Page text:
BACKGROUND: Tumors can employ different mechanisms to evade immune surveillance and function. Overexpression of co-inhibitory ligands that bind to checkpoint molecules on the surface of T-cells can greatly impair the function of latter. TIGIT (T cell immunoreceptor with Ig and ITIM domains) is such a co-inhibitory receptor expressed by T and NK cells which, upon binding to its ligand (e.g., CD155), can diminish cytokine production and effector function. Additionally, the absence of positive co-stimulation at the tumor site can further dampen T-cell response. METHODS: As T-cell genetic engineering has become clinically-relevant in the recent years, we devised herein a strategy aimed at enhancing T-cell anti-tumor function by diverting T-cell coinhibitory signals into positive ones using a chimeric costimulatory switch receptor (CSR) composed of the TIGIT exodomain fused to the signaling domain of CD28. RESULTS: After selecting an optimized TIGIT-28 CSR, we co-transduced it along with tumor-specific TCR or CAR into human T-cells. TIGIT-28-equipped T-cells exhibited enhanced cytokine secretion and upregulation of activation markers upon co-culture with tumor cells. TIGIT-28 enhancing capability was also demonstrated in an original in vitro model of T-cell of hypofunction induction upon repetitive antigen exposure. Finally, we tested the function of this molecule in the context of a xenograft model of established human melanoma tumors and showed that TIGIT-28-engineered human T-cells demonstrated superior anti-tumor function. CONCLUSION: Overall, we propose that TIGIT-based CSR can substantially enhance T-cell function and thus contribute to the improvement of engineered T cell-based immunotherapy.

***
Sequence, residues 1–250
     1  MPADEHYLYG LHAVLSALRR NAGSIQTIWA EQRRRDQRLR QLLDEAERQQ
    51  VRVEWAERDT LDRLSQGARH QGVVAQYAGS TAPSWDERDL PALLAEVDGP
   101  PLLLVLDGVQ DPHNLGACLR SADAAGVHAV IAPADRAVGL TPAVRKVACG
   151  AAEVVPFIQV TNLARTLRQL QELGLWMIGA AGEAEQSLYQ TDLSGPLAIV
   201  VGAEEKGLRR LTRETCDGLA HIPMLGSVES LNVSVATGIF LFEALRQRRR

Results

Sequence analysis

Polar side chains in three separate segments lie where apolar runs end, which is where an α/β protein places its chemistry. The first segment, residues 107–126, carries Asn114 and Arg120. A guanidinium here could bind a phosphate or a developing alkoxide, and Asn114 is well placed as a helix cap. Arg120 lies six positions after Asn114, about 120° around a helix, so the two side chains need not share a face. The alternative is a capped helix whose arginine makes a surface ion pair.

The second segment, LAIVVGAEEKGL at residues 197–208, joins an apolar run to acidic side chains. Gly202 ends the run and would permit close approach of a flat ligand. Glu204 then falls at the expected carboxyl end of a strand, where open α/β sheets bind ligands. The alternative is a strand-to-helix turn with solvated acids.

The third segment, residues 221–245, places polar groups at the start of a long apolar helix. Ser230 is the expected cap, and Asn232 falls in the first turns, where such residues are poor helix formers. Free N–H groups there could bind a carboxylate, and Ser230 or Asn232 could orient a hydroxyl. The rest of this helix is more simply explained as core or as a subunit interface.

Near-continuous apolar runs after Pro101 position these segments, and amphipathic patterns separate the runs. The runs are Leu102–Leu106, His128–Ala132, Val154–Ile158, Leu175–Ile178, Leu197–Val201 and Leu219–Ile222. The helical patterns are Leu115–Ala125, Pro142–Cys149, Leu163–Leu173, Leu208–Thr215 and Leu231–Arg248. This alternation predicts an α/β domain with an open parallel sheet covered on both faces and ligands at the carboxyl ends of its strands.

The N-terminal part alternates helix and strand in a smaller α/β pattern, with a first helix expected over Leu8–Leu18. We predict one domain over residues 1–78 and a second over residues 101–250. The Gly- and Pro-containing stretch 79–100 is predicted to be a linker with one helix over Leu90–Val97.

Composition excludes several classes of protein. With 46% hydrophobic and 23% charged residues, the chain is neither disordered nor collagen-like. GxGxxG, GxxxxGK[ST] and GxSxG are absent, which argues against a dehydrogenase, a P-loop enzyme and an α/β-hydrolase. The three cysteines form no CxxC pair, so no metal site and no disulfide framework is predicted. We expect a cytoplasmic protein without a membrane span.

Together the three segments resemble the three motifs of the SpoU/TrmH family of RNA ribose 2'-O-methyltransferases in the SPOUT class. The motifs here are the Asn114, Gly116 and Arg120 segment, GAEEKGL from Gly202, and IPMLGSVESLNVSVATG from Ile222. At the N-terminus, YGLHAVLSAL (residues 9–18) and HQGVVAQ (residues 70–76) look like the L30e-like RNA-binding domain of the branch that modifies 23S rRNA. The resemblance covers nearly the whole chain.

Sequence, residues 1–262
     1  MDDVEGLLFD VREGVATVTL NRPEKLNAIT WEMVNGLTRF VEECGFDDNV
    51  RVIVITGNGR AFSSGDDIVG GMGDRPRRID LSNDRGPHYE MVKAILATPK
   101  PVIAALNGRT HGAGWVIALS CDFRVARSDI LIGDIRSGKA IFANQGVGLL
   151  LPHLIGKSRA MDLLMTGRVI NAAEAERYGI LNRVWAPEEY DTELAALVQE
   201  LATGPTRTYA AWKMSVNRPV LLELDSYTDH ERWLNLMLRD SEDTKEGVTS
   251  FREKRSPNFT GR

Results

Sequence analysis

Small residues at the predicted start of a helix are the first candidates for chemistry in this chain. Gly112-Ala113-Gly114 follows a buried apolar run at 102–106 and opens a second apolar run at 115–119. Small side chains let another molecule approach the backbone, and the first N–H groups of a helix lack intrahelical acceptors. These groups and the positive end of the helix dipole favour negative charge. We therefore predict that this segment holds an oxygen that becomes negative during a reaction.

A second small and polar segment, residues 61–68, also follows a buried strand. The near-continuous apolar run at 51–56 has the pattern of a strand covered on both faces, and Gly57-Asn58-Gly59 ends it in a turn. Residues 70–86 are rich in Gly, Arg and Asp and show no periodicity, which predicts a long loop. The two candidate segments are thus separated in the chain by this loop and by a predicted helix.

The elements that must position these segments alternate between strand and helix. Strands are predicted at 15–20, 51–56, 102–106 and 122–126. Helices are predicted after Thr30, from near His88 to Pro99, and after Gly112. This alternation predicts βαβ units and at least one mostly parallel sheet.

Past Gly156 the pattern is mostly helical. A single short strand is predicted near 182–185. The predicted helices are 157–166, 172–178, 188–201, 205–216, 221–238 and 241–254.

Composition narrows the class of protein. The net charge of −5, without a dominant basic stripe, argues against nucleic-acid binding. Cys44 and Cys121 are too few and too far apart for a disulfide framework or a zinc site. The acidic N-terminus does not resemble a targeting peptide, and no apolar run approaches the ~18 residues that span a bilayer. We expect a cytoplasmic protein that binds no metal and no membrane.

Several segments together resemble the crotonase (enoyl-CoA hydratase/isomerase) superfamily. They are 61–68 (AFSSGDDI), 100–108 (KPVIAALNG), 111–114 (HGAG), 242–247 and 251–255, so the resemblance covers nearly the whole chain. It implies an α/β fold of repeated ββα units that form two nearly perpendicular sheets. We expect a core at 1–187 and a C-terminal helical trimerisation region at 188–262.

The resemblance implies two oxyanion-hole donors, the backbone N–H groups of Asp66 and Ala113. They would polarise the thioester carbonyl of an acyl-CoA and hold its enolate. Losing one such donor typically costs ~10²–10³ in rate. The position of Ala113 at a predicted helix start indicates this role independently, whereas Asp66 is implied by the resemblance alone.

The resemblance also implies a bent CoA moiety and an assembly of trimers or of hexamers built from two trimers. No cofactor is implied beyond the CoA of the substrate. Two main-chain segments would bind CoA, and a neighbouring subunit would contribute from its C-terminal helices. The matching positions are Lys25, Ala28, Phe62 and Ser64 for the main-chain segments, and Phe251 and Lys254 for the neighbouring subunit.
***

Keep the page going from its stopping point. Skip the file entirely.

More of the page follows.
|Number of pages||1|
|Journal||Journal for ImmunoTherapy of Cancer|
|State||Published - 9 Sep 2019|
- Chimeric receptors
- T-cell engineering
- Tumor immunotherapy